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5 steps to creating a winning culture at your nonprofit

March 28, 2024 Article 8 min read
Kellie Ray Jillien Ortel Monica Bordner
As nonprofits emerge from the pandemic, there’s a renewed focus on reconnecting to the core mission and culture-building.
Coworkers at a nonprofit gathered around their desks and chatting in a sunny room.At our 2024 Nonprofit Summit, we presented "Creating a winning culture" with Meagan Dunn, Executive director, Covenant House, Michigan. Here are 5 steps we presented to building a winning culture with the resources you have today.

During the past several years, nonprofits operated in emergency mode to survive the COVID-19 pandemic. Today, the top priority for many leaders is reconnecting to the organization’s mission and values and building a strong and thriving culture to support their team. For some, the challenge of culture-building seems as daunting as surviving the pandemic. But building a winning culture is within reach if you take a systematic approach, keep your efforts manageable, and pause to celebrate the victories along the way. 

What is organizational culture?

For some organizations, “culture” is a buzzword or a box to check at leadership meetings. But culture is so much more. It’s the heartbeat that propels an organization and its mission forward, the thread that binds its people together, and the fuel for the collective effort that results in meaningful work. It guides actions, decisions, and relationships. 

A winning culture is created around four key building blocks:

  • Mission. The foundation of organizational culture is the mission — the core long-term aspirational vision and direction for the organization. What’s your purpose? Where do you want to go? What’s your “why?” Your mission should be documented, communicated, and understood by leaders, staff, and all stakeholders. It should be front and center to help staff understand the purpose and importance of their work and to align the goals of individuals and teams. It’s the foundation from which you build your core values, create processes, and outline the expectations of your staff.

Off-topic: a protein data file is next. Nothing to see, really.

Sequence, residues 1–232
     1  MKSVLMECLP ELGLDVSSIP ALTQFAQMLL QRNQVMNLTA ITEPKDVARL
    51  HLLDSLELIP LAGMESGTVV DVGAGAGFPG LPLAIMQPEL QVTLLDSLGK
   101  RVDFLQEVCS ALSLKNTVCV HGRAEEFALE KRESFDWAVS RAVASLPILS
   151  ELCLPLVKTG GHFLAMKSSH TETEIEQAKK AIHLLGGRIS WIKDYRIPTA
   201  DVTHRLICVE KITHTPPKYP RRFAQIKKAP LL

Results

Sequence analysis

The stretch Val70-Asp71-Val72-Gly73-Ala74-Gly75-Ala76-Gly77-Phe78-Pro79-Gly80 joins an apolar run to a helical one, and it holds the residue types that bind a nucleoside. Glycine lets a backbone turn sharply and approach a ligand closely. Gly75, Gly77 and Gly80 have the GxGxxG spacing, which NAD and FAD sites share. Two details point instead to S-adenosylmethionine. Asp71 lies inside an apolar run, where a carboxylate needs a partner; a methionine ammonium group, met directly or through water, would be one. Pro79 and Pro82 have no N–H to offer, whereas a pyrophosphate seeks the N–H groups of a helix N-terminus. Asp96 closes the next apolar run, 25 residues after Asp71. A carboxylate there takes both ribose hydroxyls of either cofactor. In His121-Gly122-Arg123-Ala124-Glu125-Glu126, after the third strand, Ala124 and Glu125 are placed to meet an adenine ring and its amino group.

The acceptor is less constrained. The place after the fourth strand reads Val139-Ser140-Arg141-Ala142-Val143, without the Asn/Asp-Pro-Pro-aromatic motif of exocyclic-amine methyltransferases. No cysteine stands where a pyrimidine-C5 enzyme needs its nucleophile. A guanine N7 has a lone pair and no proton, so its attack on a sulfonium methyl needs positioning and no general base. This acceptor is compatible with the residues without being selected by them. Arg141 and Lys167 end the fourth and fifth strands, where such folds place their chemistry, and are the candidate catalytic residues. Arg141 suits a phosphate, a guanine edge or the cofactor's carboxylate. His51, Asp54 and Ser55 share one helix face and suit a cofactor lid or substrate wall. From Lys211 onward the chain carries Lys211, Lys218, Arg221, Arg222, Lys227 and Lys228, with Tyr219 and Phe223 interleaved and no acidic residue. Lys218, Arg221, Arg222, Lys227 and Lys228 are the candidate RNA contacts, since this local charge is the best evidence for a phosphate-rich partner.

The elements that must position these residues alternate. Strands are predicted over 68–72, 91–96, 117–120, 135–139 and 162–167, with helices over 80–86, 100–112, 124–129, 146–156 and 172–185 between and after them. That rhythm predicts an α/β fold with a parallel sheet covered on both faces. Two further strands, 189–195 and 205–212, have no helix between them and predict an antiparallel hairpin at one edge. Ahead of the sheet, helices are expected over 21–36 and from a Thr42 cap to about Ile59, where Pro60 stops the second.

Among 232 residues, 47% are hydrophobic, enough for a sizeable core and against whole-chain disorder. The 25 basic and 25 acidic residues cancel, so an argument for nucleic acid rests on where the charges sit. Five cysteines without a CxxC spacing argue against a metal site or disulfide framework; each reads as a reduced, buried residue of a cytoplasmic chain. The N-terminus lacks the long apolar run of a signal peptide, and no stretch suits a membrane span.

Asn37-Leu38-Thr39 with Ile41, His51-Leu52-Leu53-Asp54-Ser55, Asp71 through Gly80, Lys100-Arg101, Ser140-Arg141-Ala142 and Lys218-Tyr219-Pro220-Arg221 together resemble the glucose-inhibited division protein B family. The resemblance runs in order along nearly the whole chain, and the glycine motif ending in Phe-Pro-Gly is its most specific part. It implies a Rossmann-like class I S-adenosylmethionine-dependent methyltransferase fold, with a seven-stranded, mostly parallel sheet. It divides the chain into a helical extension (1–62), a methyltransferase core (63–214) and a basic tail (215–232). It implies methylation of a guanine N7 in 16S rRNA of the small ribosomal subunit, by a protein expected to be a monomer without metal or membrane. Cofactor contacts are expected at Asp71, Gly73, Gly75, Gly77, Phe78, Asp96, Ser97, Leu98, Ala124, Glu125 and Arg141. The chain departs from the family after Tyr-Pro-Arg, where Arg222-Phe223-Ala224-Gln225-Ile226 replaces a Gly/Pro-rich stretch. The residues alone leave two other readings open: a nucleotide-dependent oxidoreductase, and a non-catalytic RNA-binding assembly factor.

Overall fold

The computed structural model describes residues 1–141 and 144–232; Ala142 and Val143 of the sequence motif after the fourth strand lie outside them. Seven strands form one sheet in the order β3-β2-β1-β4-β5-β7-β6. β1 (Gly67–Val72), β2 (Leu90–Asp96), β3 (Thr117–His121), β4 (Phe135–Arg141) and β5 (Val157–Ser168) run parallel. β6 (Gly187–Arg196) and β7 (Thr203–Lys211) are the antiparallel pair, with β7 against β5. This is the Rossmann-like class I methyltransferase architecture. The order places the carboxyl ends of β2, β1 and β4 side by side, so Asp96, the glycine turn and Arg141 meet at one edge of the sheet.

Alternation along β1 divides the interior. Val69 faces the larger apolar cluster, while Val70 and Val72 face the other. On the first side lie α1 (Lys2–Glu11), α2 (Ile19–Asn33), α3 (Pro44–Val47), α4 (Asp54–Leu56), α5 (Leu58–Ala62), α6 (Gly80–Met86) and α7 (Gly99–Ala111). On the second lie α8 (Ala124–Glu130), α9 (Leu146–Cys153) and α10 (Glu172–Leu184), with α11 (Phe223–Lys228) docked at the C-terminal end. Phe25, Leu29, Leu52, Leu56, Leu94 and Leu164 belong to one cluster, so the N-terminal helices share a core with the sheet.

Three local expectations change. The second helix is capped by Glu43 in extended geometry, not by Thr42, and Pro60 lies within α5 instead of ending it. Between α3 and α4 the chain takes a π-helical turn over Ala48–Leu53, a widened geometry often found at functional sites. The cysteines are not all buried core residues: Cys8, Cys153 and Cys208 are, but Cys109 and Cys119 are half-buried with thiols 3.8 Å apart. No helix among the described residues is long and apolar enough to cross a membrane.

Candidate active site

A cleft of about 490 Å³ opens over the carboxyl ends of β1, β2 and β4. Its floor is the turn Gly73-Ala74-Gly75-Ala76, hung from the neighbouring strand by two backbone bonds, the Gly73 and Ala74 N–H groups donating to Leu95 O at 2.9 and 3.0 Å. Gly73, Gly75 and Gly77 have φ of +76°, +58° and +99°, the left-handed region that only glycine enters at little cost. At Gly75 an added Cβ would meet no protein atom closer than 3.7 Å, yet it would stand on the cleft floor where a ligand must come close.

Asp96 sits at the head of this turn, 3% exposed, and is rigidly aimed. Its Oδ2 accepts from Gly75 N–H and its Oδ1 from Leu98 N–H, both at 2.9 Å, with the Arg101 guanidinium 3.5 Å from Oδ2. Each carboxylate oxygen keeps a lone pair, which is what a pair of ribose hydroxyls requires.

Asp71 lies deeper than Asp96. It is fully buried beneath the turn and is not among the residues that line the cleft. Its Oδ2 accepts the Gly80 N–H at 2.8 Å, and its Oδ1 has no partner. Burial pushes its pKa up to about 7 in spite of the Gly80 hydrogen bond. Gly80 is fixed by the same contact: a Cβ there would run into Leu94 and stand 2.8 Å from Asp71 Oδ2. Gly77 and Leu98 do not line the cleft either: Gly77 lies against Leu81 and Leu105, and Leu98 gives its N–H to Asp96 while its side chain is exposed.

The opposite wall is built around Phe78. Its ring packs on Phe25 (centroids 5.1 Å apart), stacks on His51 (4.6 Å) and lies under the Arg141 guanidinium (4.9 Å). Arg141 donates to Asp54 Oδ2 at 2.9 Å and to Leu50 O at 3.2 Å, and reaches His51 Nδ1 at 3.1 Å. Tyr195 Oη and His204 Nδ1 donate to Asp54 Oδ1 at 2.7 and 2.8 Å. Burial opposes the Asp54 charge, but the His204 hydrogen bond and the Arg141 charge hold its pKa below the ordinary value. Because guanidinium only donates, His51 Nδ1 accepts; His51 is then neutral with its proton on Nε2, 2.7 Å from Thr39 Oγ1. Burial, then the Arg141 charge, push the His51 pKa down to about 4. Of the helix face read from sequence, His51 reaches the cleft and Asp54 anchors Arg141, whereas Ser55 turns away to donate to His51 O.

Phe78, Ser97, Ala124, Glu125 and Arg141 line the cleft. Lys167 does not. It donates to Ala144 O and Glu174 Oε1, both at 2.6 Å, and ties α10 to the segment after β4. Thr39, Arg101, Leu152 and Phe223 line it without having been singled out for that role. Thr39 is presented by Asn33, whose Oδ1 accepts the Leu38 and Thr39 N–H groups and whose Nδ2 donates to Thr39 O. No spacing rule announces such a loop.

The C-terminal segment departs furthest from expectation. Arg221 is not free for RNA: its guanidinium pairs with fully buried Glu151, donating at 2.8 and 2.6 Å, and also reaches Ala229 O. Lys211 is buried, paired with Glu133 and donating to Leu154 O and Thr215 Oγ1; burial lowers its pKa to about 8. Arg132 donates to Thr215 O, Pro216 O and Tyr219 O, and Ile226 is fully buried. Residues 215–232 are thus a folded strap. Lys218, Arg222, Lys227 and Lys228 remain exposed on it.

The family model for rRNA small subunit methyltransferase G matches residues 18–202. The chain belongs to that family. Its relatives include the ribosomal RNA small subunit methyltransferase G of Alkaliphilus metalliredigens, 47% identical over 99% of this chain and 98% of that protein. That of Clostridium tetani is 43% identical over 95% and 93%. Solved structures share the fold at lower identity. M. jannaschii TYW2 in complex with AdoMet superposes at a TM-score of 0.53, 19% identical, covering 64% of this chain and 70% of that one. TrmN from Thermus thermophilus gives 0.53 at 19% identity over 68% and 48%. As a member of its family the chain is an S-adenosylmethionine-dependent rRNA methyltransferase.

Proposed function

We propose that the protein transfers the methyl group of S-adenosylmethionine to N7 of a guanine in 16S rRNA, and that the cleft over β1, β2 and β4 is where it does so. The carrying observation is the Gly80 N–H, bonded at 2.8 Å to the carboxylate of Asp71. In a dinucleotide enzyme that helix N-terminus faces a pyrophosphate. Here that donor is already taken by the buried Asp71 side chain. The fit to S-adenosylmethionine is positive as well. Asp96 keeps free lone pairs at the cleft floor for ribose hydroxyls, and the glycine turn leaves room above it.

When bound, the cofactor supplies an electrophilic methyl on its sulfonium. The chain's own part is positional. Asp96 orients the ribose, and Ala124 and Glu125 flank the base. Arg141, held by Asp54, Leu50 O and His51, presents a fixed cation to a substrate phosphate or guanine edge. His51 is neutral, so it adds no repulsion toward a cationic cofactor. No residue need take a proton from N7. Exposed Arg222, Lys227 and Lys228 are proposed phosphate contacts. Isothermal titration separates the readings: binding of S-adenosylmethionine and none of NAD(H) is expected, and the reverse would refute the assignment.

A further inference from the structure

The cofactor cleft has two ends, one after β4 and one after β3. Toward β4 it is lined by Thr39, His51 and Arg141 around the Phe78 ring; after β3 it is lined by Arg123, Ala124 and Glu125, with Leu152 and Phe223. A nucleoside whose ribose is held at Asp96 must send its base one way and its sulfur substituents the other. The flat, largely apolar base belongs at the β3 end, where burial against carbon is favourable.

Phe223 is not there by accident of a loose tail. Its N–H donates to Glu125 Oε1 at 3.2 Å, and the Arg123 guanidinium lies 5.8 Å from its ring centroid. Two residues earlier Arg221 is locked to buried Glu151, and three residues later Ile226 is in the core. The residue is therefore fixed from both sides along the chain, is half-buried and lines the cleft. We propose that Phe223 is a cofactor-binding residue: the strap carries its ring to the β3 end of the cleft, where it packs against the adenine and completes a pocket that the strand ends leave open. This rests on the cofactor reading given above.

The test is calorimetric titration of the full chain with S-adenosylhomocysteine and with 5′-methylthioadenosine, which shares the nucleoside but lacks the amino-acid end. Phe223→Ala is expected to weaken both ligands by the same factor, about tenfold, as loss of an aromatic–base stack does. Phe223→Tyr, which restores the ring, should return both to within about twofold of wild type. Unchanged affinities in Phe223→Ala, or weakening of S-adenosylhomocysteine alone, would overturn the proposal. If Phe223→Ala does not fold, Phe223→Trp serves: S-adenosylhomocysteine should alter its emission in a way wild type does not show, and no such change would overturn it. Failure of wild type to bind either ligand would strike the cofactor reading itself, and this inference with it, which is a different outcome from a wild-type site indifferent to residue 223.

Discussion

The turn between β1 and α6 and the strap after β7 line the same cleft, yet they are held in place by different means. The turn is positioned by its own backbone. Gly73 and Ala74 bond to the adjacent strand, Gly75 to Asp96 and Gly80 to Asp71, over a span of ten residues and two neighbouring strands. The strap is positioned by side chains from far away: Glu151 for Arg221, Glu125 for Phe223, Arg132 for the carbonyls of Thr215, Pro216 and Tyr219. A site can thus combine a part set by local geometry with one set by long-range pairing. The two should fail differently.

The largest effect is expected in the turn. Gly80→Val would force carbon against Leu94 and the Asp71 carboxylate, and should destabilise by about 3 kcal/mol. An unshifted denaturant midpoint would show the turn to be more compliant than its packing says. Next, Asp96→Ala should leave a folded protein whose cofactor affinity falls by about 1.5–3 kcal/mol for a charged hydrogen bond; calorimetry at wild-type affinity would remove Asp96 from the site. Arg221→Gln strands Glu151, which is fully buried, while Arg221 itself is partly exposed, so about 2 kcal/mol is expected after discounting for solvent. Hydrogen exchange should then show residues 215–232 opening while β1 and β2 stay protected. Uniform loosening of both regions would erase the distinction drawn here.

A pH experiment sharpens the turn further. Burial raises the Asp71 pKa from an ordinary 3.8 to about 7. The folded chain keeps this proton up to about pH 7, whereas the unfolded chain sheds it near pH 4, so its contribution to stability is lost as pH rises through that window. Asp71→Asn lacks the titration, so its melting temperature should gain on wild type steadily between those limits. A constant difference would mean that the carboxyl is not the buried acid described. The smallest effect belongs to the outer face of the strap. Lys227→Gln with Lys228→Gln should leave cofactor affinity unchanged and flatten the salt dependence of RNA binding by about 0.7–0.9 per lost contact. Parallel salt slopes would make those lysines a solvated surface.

• Consistency. Mission, values, and operating principles must be applied and communicated consistently. This is a commonly reported challenge for organizations across the board. Consistency is most effectively sustained by the leaders; they set the tone for how relationships are built, how things get done, and how information is communicated.
  • Involvement. Create a shared sense of purpose, pride, and ownership in the work. How does this happen? By prioritizing recognition, feedback on performance, work-life balance, and learning opportunities, people are more likely to lean into the mission and remain committed. People do their best work when they feel challenged, appreciated, and involved.
  • Adaptability. Culture isn’t static. It evolves and adapts over time and requires constant attention and action for continued success. Organizations with strong cultures have an innate ability to live through continuous change. Instead of waiting and reacting to challenges, they proactively identify and address them by always listening and answering the question, "What are we doing about it?"

With those fundamentals in mind, the next question is: How do we put culture into practice in a way that strengthens our organization? Whether you’re refining your nonprofit’s culture or planning a complete overhaul, these five steps will get you started.

1. Set organizational goals and align staffing